On schedule… 30 July 2010Posted by marisacat in California / Pacific Coast, Inconvenient Voice of the Voter.
A fast moving wildfire burns above Elizabeth Lake Road in Leona Valley near Palmdale, Calif. on Thursday, July 29, 2010. Mandatory evacuations were issued for the community of Leona Valley on Thursday evening, Los Angeles County Fire Inspector Matt Levesque said. (AP Photo/Dan Steinberg)
Photo Gallery at Insider Business: Breathtaking Photos of California Burning – 2010
We are following our seasons: fire, rain, mudslide, landslide, selective drought (even when we have rain they declare drought as the water is endlessly diverted)… and here we are, in Fire Season.
PALMDALE — A huge wildfire burning in the high desert wilderness north of Los Angeles has jumped the California Aqueduct and is making a run at a subdivision of homes.
Winds apparently carried embers across the wide concrete channel this afternoon and flames rapidly spread to backyard fences.
Helicopters have been dipping buckets into the aqueduct to make rapid water drops. No homes appear to have been damaged. Numerous fire engines are in the area.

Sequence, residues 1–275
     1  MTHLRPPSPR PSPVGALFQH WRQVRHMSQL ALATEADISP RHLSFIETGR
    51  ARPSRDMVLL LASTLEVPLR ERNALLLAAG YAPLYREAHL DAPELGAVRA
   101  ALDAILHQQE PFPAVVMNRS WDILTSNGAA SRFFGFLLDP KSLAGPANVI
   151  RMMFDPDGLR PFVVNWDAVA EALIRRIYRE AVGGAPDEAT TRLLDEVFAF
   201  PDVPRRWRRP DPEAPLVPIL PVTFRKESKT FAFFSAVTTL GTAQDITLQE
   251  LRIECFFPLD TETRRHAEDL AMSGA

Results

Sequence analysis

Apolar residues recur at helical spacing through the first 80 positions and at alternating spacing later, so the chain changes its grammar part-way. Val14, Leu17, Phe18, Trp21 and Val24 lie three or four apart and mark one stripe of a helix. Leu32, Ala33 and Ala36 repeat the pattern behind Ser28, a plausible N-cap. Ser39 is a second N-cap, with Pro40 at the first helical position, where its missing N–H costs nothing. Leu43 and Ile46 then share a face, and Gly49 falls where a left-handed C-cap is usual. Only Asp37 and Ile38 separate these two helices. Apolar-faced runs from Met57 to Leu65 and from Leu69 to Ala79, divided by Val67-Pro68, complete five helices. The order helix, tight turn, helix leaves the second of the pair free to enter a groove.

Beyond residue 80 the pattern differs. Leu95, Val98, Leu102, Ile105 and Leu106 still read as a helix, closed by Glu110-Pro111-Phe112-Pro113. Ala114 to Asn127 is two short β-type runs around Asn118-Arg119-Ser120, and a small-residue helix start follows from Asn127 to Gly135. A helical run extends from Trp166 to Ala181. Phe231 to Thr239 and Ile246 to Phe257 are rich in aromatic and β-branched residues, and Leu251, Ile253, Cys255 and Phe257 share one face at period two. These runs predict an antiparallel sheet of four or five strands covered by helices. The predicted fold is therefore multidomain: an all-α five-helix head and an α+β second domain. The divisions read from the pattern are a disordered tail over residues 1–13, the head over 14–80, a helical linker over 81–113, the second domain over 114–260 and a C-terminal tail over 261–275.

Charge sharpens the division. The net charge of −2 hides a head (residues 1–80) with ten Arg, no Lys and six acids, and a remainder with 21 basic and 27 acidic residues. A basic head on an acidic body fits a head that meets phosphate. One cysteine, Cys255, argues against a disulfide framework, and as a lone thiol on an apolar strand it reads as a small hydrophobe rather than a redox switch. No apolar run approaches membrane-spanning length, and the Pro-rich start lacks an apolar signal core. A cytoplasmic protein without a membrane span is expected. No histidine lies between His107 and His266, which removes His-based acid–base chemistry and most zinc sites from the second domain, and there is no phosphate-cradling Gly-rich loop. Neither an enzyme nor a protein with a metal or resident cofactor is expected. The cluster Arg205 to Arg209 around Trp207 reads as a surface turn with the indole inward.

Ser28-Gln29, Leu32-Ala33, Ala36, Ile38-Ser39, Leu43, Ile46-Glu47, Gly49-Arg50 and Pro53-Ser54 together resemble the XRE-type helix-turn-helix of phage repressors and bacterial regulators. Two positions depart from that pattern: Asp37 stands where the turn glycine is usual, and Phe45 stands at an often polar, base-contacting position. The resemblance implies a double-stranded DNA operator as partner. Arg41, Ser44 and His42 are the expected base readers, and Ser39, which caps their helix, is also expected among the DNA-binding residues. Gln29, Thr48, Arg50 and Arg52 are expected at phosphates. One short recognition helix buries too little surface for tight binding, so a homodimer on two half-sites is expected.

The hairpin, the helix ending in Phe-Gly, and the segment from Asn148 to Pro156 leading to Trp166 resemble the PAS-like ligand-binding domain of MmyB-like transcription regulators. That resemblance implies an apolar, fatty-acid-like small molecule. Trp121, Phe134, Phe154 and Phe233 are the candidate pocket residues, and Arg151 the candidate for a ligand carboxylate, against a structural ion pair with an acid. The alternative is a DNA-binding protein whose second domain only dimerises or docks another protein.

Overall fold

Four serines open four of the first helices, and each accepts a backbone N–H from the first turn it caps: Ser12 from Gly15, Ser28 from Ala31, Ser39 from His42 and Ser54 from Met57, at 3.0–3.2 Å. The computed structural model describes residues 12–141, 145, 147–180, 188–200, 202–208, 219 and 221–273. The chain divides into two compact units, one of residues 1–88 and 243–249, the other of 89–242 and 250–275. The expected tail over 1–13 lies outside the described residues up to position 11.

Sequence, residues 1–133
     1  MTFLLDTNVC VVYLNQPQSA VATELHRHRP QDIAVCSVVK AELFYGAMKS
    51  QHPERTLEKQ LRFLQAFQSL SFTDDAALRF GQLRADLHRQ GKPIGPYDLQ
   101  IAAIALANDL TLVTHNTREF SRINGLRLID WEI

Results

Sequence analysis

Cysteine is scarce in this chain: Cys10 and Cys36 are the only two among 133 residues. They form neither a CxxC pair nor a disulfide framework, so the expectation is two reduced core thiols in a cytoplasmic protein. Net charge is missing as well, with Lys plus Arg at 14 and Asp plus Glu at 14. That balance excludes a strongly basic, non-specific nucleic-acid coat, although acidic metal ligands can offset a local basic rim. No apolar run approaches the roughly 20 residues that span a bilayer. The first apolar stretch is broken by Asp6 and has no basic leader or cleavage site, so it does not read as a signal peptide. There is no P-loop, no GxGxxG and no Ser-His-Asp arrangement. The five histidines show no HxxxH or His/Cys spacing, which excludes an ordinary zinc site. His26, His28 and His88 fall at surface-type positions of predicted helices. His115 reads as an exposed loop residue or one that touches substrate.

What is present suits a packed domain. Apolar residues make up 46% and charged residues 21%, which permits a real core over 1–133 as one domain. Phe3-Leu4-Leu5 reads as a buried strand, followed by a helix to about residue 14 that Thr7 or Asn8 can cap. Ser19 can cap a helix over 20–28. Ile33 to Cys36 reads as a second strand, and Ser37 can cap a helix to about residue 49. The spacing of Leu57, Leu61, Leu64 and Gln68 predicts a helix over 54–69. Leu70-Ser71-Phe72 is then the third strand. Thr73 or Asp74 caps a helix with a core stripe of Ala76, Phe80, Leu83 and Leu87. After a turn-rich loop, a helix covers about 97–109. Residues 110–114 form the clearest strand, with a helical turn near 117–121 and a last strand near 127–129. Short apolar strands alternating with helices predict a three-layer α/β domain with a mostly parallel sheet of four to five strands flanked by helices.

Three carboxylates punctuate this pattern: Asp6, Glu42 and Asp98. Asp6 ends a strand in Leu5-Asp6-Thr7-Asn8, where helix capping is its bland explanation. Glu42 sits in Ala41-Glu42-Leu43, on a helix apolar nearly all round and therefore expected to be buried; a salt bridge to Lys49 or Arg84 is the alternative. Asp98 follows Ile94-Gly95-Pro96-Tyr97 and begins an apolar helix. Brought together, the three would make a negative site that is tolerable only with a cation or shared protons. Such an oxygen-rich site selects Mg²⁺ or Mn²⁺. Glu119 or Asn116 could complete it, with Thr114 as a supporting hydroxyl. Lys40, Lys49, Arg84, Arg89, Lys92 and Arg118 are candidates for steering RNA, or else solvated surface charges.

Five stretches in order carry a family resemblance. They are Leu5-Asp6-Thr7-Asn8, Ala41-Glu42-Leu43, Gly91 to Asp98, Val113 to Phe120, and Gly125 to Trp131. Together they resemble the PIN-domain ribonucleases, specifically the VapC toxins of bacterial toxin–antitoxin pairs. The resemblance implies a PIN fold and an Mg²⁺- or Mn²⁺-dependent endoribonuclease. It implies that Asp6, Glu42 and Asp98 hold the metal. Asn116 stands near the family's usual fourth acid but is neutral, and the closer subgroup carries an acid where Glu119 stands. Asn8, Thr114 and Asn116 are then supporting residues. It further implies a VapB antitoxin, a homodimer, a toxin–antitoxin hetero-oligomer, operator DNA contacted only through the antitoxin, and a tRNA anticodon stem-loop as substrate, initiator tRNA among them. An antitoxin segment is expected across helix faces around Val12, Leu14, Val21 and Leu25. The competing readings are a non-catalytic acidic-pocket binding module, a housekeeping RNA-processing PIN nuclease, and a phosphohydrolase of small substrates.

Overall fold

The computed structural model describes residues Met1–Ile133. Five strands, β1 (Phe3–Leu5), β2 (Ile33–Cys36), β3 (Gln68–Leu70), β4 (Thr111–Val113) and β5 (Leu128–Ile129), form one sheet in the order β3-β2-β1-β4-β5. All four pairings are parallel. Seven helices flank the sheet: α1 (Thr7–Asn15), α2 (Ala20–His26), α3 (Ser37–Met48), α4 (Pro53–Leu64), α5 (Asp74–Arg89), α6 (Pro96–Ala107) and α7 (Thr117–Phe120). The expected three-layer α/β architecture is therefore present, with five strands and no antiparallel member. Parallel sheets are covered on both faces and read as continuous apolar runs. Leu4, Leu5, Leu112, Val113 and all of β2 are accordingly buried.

The fire has burned more than 12 square miles since erupting Thursday afternoon.
From yesterday, before it jumped the Aqueduct:
On Thursday, the fire stopped at the California Aqueduct, which runs along foothills of the San Gabriel Mountains. The concrete channel acted as a natural firebreak, fire Inspector Matt Levesque said.
“That fire burned right up to the homes (but there is) no more fuel for it to burn,” he said.
Southern California’s big wildfires are usually associated with the fierce Santa Ana winds that blow withering dry air from the interior toward the coast. Winds this week have been blowing inland from out of the southwest as California experiences an unusually cool July with persistent coastal clouds and record lows.
It’s been cold, but also painfully dry, and that is in San Francisco, with a return of our normal fog this summer. Not the past two weeks, however, just cold and very very dry.